Consistent with these findings, central leptin administration modifies glucose fluxes and production [18, 19] and these changes are partially mediated by increasing hepatic insulin sensitivity, as we report here. In fact, exogenous leptin has been shown to exert positive effects on peripheral insulin signaling that involve leptin-insulin cross-talk [1]. Indeed, an increase in central leptin is reported to reverse hepatic insulin resistance [7] and to correct peripheral glucose usage [20]. The insulin and leptin signaling pathways share several targets, such as Janus kinase-2, IRSs and Akt [21], and we have reported that interaction of these pathways potentiates insulin signaling [6]. While muscle most likely participates in the regulation of serum glucose levels, as leptin increases insulin sensitivity in this tissue [22], our results clearly indicate a key role of the liver in leptin’s effects on serum glucose improvement.

Tolerance tests give more accurate information than homeostasis model assessment of insulin resistance to determine insulin sensitivity [23, 24]. Here, tolerance tests reveal that the higher concentrations of glucose and glycogen in the liver of leptin-infused rats may be related with its increased insulin sensitivity. These changes seem to be due to the higher degree of phosphorylation on both the Thr308 and Ser473 residues of Akt, which is necessary to achieve full activation of the insulin signaling cascade [25].

In conclusion, our results suggest that improvement in glycemia after peripheral glucose or insulin administration in central leptin-infused rats is due, at least in part, to the previous activation of hepatic insulin signaling that may increase glucose uptake and glycogen storage, thus contributing to lower serum glucose levels.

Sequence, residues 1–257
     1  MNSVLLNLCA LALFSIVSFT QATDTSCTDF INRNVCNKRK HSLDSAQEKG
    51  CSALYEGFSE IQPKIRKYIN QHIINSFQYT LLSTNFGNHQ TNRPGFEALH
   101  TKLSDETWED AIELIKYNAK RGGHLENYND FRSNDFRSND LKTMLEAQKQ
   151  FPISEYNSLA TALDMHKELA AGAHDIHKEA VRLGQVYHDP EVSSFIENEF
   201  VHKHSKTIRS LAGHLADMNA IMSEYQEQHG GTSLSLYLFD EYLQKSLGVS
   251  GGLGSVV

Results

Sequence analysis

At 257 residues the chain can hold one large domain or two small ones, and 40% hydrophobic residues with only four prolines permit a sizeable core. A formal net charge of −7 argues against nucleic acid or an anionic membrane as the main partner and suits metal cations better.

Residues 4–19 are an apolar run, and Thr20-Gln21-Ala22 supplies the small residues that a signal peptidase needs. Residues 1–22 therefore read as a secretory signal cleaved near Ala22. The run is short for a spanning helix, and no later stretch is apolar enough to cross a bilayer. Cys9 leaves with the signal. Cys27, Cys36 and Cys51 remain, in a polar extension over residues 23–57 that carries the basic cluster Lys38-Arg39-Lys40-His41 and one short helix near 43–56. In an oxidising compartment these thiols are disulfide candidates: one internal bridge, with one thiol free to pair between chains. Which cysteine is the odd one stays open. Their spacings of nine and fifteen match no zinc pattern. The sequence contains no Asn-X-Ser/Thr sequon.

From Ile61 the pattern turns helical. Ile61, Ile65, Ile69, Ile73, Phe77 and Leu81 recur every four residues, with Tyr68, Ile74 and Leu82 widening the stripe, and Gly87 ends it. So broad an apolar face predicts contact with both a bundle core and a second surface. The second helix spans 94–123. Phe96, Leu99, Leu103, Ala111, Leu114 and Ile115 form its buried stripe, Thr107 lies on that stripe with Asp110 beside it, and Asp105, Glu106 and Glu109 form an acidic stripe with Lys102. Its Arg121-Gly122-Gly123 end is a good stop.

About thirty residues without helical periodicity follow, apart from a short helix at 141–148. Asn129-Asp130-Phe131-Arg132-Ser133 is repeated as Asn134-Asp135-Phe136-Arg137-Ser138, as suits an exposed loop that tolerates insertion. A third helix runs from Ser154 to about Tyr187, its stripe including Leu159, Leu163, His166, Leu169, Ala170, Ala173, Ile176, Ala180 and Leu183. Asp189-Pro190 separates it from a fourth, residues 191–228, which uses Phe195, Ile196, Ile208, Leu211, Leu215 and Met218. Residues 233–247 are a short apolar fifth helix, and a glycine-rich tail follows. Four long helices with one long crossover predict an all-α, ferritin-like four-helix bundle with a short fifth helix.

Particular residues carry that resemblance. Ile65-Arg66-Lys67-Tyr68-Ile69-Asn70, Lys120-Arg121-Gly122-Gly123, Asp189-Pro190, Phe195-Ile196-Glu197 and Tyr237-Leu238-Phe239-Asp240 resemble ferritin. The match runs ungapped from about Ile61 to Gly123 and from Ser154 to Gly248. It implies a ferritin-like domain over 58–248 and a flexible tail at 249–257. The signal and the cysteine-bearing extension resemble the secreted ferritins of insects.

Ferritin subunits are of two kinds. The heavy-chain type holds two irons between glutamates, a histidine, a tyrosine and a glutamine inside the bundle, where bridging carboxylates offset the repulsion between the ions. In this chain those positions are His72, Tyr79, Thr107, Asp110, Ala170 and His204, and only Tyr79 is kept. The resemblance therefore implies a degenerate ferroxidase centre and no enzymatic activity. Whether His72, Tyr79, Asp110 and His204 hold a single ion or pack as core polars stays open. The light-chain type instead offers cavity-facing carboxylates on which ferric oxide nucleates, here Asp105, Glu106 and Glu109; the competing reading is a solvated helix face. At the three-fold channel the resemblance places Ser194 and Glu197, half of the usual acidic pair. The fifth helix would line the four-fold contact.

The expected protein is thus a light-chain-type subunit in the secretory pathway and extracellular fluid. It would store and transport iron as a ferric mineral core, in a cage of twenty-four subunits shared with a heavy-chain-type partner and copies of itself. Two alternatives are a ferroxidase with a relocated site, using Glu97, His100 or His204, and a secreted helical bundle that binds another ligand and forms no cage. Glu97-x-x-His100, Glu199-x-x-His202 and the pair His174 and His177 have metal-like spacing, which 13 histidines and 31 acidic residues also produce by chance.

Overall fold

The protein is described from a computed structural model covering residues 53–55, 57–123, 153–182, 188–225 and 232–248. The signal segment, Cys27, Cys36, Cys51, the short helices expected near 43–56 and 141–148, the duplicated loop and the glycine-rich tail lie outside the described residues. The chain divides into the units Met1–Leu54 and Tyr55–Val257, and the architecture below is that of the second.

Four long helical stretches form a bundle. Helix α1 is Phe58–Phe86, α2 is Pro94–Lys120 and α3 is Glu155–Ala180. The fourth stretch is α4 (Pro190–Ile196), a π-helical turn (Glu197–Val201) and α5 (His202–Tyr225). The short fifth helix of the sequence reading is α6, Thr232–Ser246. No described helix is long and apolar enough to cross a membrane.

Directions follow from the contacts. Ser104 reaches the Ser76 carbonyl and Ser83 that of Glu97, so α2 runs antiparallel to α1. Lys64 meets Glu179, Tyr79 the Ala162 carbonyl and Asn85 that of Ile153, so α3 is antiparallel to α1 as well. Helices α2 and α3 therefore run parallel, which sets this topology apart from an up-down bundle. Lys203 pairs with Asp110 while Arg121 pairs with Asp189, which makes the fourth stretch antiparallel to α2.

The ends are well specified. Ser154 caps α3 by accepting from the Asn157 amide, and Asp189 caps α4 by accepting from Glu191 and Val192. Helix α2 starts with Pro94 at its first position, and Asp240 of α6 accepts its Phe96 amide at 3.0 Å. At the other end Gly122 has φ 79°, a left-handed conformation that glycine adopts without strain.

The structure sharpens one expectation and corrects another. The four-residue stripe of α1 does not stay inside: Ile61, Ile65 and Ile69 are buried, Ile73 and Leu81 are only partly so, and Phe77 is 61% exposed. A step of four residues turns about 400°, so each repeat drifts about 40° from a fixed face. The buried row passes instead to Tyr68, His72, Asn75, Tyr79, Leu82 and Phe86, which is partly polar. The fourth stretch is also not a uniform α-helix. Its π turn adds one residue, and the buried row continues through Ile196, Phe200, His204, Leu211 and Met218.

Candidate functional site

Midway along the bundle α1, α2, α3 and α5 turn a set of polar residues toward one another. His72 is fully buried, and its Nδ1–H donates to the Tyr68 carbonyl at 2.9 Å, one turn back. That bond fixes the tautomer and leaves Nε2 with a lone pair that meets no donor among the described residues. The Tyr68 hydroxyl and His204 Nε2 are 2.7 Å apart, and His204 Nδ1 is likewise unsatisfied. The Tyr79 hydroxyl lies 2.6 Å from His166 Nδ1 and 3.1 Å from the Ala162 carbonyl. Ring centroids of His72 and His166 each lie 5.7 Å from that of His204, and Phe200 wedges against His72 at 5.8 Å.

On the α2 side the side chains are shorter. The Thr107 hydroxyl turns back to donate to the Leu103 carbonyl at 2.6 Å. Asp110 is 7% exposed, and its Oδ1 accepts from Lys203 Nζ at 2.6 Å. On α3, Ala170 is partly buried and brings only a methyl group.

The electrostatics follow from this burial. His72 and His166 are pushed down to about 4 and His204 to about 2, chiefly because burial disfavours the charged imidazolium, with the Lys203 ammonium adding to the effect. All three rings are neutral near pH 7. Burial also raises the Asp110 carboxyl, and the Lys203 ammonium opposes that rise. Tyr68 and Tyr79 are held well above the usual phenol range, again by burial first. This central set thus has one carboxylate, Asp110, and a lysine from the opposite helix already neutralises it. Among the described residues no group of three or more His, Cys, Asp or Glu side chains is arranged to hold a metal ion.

Abbreviations

Akt: 

Protein kinase B

DU: 

Densitometry units

GLUT: 

Glucose transporter

IR: 

Insulin receptor

IRS1: 

IR substrate 1

IPITT: 

Intraperitoneal insulin tolerance test

MFI: 

Median fluorescence intensity

OGTT: 

Oral glucose tolerance test

PEPCK: 

Phosphoenolpyruvate carboxykinase

PTEN: 

Phosphatase and tensin homolog on chromosome 10

Declarations

Acknowledgements

Authors thank Francisca Díaz for excellent technical assistance. This work was supported by the Spanish Ministry of Science and Innovation with the help of European FEDER funding (FIS PI13/02195), Ministerio de Ciencia e Innovación (BFU2011-27492 and BFU2014-51836-C2-2-R), the Network Center for Biomedical Research on Obesity and Nutrition (CIBEROBN) Instituto Carlos III and Fundación Endocrinología y Nutrición. S.C. is supported by CIBEROBN.

Open AccessThis article is distributed under the terms of the Creative Commons Attribution 4.0 International License (http://creativecommons.org/licenses/by/4.0/), which permits unrestricted use, distribution, and reproduction in any medium, provided you give appropriate credit to the original author(s) and the source, provide a link to the Creative Commons license, and indicate if changes were made. The Creative Commons Public Domain Dedication waiver (http://creativecommons.org/publicdomain/zero/1.0/) applies to the data made available in this article, unless otherwise stated.

Authors’ Affiliations

(1)
Department of Endocrinology, Hospital Infantil Universitario Niño Jesús, Instituto de Investigación La Princesa
(2)
Centro de Investigación Biomédica en Red de Fisiopatología de la Obesidad y Nutrición (CIBEROBN), Instituto de Salud Carlos III
(3)
Department of Pediatrics, Universidad Autónoma de Madrid
(4)
Neurobiochemistry Group, Unit of Biochemistry and Molecular Biology, Facultad de Medicina, Universidad de Alcalá, E-28871
(5)
Present address : IMDEA Food, CEI UAM + CSIC

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Copyright

© Burgos-Ramos et al. 2016